Baltimore State Hospital for the Criminally Insane is a large, Gothic estate that houses a violent criminal known as Dr. Gideon. He’s been a model prisoner during his two year stay, earning him the privilege of lighter security measures in an otherwise high security psychiatric hospital. But that all changes one day when Dr. Gideon fakes being unconscious and, when left alone with a nurse, performs a grisly murder. His method mirrors a serial killer named the Chesapeake Ripper, who is presumably at large and hasn’t murdered in over two years, ironically the same amount of time Gideon has been in the hospital. The question becomes, is Dr. Gideon the Chesapeake Ripper?
One of my favorite moments in this episode is when Crawford and Graham are walking up the front steps to a very Arkham Asylum-like Baltimore State Hospital and Graham is noticeably uncomfortable. He tells Crawford that he doesn’t like going in places like that because he’s afraid they won’t let him out. It’s light humor, but there’s some validity in his statement. For such a successful person, he has a slew of mental problems. Later, when Crawford and Graham meet the doctor who has been treating Gideon at the institution, Dr. Chilton, Chilton is fascinated with Graham and his methods of profiling. It turns out that Graham has been the talk of the psychiatric circles due to his “unique cocktail of personality disorders and neurosis” that allow him to be such a good profiler. I’m not a psychiatrist, but I’m also intrigued by Graham and his ability to enter the minds’ of the killers and see the murders as they occurred. This murder is especially gruesome when Graham relives it. We get to see just what Dr. Gideon did to the poor nurse that Crawford and Graham see after the fact, impaled on various equipment in the room, missing her eyes. This was a more visceral and up close reenactment allowing us to watch as the woman died slowly and painfully. It was a shocking moment when Graham forced his thumbs into the woman’s eye sockets, her voiceless screams going unanswered because he had hit her in the throat, disabling her vocal chords, first. When Graham comes out of the vision, breathing heavily, my own heart rate had shot up a notch or two.
Crawford has a personal attachment to the Chesapeake Ripper case because he had assigned a promising young student, Miriam Regina Lass, to assist. Lass, a bright, accomplished woman, was eager to prove her abilities to Crawford and easily accepted the assignment. Lass was played by a petite, fresh-faced Anna Chlumsky. Yep, the same little girl from the film, “My Girl”, all grown up now. Lass had ascertained that the Ripper was more than likely a surgeon. She wanted to search medical records to help narrow down suspects, but her sharp observations put her in a dangerous spot when she ended up on Dr. Hannibal Lecter’s doorstep. Assumed dead by Crawford, her voice now haunts him as a mystery person keeps calling him, playing snippets of a recording of a frantic and scared Lass asking Crawford for help. Crawford is having a tough time dealing with his wife’s terminal illness, and he is struggling with his wife’s impending loss, and the loss of young Lass.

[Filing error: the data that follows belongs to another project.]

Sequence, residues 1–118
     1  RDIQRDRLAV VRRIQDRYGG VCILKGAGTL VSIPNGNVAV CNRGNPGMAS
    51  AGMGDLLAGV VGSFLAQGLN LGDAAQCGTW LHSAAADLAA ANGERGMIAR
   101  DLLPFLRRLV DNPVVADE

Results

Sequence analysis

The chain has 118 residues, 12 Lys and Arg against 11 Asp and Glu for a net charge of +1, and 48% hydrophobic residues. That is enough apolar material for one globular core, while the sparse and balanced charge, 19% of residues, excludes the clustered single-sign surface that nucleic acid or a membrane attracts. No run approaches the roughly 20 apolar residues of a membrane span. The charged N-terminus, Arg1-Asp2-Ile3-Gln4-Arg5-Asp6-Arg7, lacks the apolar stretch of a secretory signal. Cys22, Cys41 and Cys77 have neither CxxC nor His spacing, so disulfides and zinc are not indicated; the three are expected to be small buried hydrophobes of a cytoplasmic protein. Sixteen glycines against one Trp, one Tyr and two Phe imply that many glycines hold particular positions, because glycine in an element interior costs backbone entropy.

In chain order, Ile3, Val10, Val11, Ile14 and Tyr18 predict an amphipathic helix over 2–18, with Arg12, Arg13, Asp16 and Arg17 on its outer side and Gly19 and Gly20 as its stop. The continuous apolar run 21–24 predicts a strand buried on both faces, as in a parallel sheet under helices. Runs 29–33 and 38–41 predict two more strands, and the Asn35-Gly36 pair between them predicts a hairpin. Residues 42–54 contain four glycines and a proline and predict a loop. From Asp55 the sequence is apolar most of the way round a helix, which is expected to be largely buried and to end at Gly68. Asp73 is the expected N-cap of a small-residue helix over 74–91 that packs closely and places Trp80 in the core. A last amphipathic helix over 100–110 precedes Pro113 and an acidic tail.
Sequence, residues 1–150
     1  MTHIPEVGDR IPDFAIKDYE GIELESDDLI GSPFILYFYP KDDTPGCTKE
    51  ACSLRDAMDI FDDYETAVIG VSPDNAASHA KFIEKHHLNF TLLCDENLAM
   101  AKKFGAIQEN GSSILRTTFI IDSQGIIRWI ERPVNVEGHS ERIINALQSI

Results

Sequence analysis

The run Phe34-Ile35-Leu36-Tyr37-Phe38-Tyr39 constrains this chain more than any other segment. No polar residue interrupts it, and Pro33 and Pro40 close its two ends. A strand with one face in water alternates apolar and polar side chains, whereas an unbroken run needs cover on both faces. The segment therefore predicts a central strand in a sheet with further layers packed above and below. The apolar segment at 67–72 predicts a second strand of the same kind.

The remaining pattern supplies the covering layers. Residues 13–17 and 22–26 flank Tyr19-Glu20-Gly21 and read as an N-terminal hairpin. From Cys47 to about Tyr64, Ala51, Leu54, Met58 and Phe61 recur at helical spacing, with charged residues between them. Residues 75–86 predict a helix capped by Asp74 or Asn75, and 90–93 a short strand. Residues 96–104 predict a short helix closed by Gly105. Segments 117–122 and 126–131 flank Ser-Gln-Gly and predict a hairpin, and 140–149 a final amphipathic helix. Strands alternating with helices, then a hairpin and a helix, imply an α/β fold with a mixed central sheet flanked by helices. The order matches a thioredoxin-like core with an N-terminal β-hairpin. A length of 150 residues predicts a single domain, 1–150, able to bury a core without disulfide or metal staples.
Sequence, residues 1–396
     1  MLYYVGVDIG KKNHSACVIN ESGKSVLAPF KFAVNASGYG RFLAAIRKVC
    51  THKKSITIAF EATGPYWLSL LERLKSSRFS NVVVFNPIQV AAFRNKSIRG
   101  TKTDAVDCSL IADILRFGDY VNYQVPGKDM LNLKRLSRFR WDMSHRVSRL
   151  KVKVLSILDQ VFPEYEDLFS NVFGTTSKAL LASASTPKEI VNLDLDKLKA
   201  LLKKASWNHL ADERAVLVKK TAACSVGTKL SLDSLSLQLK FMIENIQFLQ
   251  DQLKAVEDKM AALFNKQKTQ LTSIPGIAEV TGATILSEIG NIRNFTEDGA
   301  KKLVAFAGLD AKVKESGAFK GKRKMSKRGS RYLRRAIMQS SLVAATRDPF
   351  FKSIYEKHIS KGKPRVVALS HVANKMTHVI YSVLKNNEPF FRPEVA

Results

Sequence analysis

Dr. Chilton was a character, indeed. His flippant, pompous attitude, and clinical fascination with Graham is pushy and irritating. Lecter has Dr. Chilton and Dr. Bloom over for dinner, and this time he serves tongue. How fitting. After telling Chilton that his own tongue was feisty, Lecter’s best line tonight was, “It’s nice to have an old friend for dinner.” I wonder who, erm, what that tongue was taken from anyway?
Freddie Lounds makes an appearance when Crawford decides to use her and her website to bait the Chesapeake Ripper, if it isn’t Dr. Gideon after all. She agrees, and in a curious scene we see Lecter reading her article, upset as she pretty much claims Gideon is the Ripper. The hints build during this episode, pointing to Lecter being the real Ripper, and when Miriam shows up at his office two years earlier and sees a drawing of a man impaled with different objects, Lecter, the Lecter I think of when I see that name, sneaks up, socks on carpet gliding silently behind her, to strangle her, and render her silent, just as Gideon had done in the beginning.
There were many holes in the logic of Dr. Gideon being the real Chesapeake Ripper, and does Dr. Chilton want to say he is merely for the fame of housing a known psychopathic serial killer? The show seems to be setting us up for Lecter to be the real Chesapeake Ripper. He does fit the profile, and seeing Lecter in his real icy, killer form was a nice turn from the usual. I keep thinking he’s fed Crawford many victims, genuinely enjoying the cuisine while he gets rid of evidence in one fell swoop. There was a short story I read in college where an old woman killed someone and cooked them, later feeding them to the police who came knocking. Good stuff, right there. I hope they reveal who belonged to the disembodied arm in the observatory. Was it Lass?
It’s been a slow build to having Lecter showcase his killing moves; one that I hope keeps building, eventually letting us see him go full-blown. I like his two personas, the smooth and brilliant doctor, and the cold and calculating killer. Please, sir, I want some more.
And you, readers? Would you like us to continue our Hannibal recaps, or shall we go in search of other meat to satisfy your tastes?
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Amber Keller is a writer who delves into dark, speculative fiction, particularly horror and suspense/thrillers. You can find her work on her Amazon Author Page and she also features many short stories on Diary of a Writer. A member of the Horror Writers Association, she contributes to many websites and eMagazines and you can follow her on Twitter at @akeller9.